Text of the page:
Language of peace versus language of hate
Mingling with the more than 400 men and women of all colors, ages, nationalities and walks of life coming together for the purpose of advancing human security, has been a feat for me. The diversity is amazing here and the human spirit prevails. It probably helps that participants, no matter what their role is at the conference, take turns to cook in the kitchen, serve food around the meal tables, wash dishes, as well get served food made by others and served by others while their dishes are also washed by others.
Isn’t that the main theme of community? Each one plays a role to bring the group together and helps it to thrive and advance peacefully, successfully and harmoniously.
Having spent about ten days in Caux with a few more days left, I was struck by how peaceful things are. Despite the turmoil embedded in each and every one’s life, there is a sense of community and responsibility that makes one speak peace and act it too.
Listening to Switzerland’s twice former President, Micheline Calmy-Rey, it dawned on me that to be neutral means to be powerful in a unique kind of way. Loving one’s country does not mean fighting over it to the point of breaking it and tearing it into pieces. Love of country means preserving it and serving it to become one of the best nations on earth. It means highlighting its strengths and working hard to resolve its conflicts and challenges.
“The politics of human security is the answer to very complex conflicts that replace oftentimes the traditional wars,” said Calmy-Rey at the opening of talks on human security in Caux. She explained that Switzerland’s foreign policy goes beyond national interests to promote a political vision of “humanitarian tradition of humanist principles and ethics in political actions.”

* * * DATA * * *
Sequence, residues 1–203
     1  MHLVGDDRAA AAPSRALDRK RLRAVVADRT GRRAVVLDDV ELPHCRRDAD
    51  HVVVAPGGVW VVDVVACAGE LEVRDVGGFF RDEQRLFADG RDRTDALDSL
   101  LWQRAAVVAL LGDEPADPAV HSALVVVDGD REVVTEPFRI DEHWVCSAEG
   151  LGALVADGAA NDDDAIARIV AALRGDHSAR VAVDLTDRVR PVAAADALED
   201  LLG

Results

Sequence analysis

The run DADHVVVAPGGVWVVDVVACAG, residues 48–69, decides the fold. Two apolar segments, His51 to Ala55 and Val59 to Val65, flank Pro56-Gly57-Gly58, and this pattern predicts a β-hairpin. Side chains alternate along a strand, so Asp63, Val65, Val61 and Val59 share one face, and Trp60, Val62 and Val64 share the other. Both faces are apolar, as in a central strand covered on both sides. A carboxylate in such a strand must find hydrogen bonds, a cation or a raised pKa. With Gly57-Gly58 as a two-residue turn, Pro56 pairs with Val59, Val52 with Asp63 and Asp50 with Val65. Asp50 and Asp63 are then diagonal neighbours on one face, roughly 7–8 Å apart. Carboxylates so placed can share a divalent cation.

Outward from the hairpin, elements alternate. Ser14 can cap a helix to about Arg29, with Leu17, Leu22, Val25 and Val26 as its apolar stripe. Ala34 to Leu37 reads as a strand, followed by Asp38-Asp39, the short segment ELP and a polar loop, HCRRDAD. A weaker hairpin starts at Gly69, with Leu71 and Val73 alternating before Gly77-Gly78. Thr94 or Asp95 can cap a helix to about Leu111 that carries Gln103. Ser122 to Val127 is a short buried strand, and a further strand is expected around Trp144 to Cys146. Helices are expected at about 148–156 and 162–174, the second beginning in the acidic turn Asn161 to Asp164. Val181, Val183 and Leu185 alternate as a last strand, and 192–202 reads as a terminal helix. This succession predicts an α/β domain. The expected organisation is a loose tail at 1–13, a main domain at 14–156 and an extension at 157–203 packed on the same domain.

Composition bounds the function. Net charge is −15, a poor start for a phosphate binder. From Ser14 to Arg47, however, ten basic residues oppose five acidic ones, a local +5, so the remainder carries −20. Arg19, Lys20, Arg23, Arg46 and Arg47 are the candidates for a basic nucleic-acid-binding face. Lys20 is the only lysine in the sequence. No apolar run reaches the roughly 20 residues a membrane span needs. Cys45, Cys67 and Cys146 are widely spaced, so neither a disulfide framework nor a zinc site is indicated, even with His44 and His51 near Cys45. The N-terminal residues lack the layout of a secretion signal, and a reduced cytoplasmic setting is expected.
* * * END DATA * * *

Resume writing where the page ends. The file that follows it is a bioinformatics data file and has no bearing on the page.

Nations are deemed to fail without true human security whereby a citizen’s rights and needs are at the center of a government’s agenda. This is a thought worth pondering as we painfully watch politicians in our Arab world who talk the talk but don’t walk the walk. With very few exceptions, Arab politicians talk about peace, inclusivity and human rights but rarely do they uphold those noble principles. It’s a reality that led many to the streets demanding change. While some countries have begun the long painstakingly process towards the change they desire, others remain in the darkness, hostages of authoritarian leaders that have no appreciation for the individual’s rights and security.
If I take one lesson from Caux, it is this: To achieve peace one has to make a commitment to bettering our world by creating nations that are efficient and relevant. This can only happen by building strong communities with a high sense of integrity, transparency and vision. This effort starts with us as individuals within ourselves and within our families. If we don’t cleanse ourselves of hatred and selfishness, we cannot be peaceful community builders.
This may be a very optimistic outlook, but it’s not impossible to achieve. I believe in the fresh energy of our youth in the Arab world, especially the young leaders I met here in Caux who hail from Algeria, Morocco, Tunisia, Palestine, Egypt and Lebanon. I watched proudly as their participation at the Caux Initiatives of Change has empowered them and brought out their best personal and political practices.
I can only hope that when they return to their home countries, they can apply what they learned and influence others by practicing true community building. May their voices not be stifled and may their actions not be blocked. Most importantly, may they not be corrupted by decades of decay and carelessness that have hopelessly been plaguing our region!